Amino acid requirement of ducks

Interesting research has been done by Professor Hou from the Chinese Academy of Agricultural Science in Beijing. He studied the need for amino acids of ducks and found results in Pekin and Muscovy ducks and some regional grown Chinese duck strains as well as in crossbreds of these strains and of different age ranges. Table 1 shows the suggested total amino acid contents of the NRC (1994), Hou (2007) and Evonik. Due to research results Hou separated the second part of rearing into a grower and a finisher phase. Having the development of the intestinal tract in mind this is a meaningful choice.

Over time an increase of the recommended supplementation level for the sulphur amino acids and Lys is recognisable. Recommendations for the other amino acids are close together. The small differences in tryptophan, arginine and valine can be explained by the small number of research conducted on these topics after the publication of the NRC recommendations.

For the sulphur amino acids, Lys, threonine (Thr) and tryptophan (Trp) more recent data are available. In 2000 higher needs were suggested for methionine+cystine (M+C), Lys and Thr to achieve maximum growth of the modern Pekin duck for the age ranges of 1-21 and 21-49 days. By evaluating the data with exponential regression levels of 1.16 and 1.03% Lys, 0.76 and >0.87% M+C, >0.99 and 0.98% Thr and 0.21 and 0.18 % Trp were found to perform optimum body weight gain and feed conversion ratio from 1-21 days, respectively.

For the age range from 21-49 days the levels 0.83 and 0.73% Lys, 0.73 and >0.84% M+C, 0.62 and 0.62% Thr and 0.23 and 0.27% Trp were found as optimal for body weight gain and feed conversion ratio, respectively. Additionally, optima for breast meat yield were found to be 0.90% Lys, 0.77 % M+C, 0.66% Thr, and >0.28% Trp.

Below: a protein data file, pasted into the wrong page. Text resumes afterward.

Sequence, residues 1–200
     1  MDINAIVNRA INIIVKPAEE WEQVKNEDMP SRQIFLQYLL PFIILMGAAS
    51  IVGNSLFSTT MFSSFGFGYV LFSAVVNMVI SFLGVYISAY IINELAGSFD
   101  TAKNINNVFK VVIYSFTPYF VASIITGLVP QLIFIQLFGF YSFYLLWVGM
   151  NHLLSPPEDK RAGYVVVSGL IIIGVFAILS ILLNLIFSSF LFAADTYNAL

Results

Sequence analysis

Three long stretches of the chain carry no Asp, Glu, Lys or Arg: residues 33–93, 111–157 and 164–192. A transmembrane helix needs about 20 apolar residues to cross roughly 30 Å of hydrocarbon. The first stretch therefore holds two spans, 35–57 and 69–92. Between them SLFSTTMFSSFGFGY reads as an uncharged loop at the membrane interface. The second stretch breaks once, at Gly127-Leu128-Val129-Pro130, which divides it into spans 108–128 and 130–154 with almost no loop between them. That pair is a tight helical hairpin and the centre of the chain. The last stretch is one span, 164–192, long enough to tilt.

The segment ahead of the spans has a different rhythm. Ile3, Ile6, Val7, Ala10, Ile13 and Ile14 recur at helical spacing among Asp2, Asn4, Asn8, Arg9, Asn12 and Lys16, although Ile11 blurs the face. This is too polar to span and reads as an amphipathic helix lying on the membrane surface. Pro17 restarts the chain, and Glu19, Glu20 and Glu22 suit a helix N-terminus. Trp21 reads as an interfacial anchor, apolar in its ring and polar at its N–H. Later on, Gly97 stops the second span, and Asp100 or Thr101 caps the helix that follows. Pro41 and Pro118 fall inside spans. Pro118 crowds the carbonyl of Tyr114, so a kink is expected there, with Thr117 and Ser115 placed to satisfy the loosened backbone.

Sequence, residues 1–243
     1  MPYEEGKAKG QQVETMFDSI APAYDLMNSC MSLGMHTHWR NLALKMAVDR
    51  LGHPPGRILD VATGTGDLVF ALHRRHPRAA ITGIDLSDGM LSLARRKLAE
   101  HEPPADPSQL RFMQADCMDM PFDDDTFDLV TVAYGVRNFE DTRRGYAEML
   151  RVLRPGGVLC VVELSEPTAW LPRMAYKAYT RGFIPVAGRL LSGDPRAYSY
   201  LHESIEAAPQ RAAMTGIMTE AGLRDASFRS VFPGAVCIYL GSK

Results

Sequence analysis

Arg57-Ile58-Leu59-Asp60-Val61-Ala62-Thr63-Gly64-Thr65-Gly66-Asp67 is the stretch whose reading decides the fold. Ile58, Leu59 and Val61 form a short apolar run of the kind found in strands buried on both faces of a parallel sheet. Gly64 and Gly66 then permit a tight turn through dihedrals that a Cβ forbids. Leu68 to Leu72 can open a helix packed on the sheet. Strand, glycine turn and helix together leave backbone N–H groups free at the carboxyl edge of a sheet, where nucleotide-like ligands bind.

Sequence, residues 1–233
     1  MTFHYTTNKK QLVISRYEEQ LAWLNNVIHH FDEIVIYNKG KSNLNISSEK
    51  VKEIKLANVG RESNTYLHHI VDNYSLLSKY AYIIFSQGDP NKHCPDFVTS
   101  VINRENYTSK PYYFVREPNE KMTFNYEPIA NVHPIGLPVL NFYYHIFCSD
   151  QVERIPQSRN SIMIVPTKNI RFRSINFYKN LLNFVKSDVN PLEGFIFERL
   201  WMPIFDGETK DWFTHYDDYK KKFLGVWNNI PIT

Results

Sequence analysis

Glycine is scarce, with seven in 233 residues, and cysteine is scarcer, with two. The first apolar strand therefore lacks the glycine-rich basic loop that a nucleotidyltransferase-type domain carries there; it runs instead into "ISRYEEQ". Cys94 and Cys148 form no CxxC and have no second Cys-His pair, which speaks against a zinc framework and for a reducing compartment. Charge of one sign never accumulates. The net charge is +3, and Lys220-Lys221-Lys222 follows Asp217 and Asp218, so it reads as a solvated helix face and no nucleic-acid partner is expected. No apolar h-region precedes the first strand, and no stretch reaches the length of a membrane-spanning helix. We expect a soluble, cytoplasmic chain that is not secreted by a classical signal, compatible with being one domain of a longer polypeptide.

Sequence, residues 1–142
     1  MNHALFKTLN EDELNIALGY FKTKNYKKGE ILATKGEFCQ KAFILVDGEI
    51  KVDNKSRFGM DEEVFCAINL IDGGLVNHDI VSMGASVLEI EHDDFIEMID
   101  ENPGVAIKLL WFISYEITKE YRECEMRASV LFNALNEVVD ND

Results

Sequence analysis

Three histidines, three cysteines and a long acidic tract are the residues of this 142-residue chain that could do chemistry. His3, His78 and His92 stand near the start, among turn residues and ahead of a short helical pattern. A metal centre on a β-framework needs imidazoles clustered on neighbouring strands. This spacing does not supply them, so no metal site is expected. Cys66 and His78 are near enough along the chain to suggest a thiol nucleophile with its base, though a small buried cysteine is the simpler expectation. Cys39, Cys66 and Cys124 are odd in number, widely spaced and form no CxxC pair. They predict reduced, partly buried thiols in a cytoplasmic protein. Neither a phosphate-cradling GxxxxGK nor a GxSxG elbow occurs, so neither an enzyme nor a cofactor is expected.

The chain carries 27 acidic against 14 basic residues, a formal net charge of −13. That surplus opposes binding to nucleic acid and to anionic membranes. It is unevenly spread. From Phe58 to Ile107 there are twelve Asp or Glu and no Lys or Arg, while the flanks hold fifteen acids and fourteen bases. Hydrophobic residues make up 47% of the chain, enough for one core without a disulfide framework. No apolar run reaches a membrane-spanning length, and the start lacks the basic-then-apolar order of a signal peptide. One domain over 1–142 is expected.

The optima Lys requirement for male white Pekin ducks (from 7-21 days) are 0.97% for body weight gain, 1.08% for feed conversion ratio, 1.39% for breast meat weight and 1.53% for breast meat yield.

Phase differences

To investigate the requirement for Met and M+C a dose-response trial was conducted by Evonik and Prof Hou. All 1,680 birds received commercial feed until start of the individual experimental feeding. Nine levels of methionine were tested in corn-peanut meal based diets providing all other amino acids 10% above recommendation of Evonik during the starter and grower phase. Energy and crude protein levels were orientated according to the suggestions of Prof Hou. The deficient Met and M+C levels in starter and grower phase were 0.28 and 0.27% as well as 0.59 and 0.55%, respectively. These levels were lifted up in eight increments each of 0.04%.

The findings suggested Met and M+C levels higher than the current NRC (1994) but close to Evonik (2010) recommendation for the starter and grower phase. Only the finishing phase of the duck meat productions indicated adjustments for the sulphur amino acids which are lower than thought before for the maximum growth and being close to the recommendations of the NRC (1994).

Supplemented amino acids

An additional conclusion of the above described trial is the possibility of using low crude protein diets in finishing Pekin ducks. In France, researchers tested low crude protein diets and balanced the first four limiting amino acids by adding L-Lysine HCl, DL-Methionine, L-Threonine and L-Tryptophan. They showed no significant modification in growth or carcass quality when the crude protein level was greater than 12.4% in diets supplemented with the four essential amino acids.

Other researchers assume a positive effect of using supplemented amino acids. One of them, the Chinese scientist Wu hypothesised that L-arginine might regulate body fat deposition in ducks from 21 to 42 days of age without affecting their fast growth rate. The results indicated that a diet with 1.00% supplemental L-arginine could reduce the fat deposition of carcass and abdominal adipose cell size (diameter and volume), enhance intramuscular fat in breast muscles, as well as increase muscle and protein gain.

Considering the current findings there is still a lack of knowledge for the best partition of the feeding phases for ducks older than 14 days. The knowledge of the requirement of starting ducks seems to be close to the requirement for maximum growth, but for the grower and finisher phase there is still a need for better understanding the nutritional requirements.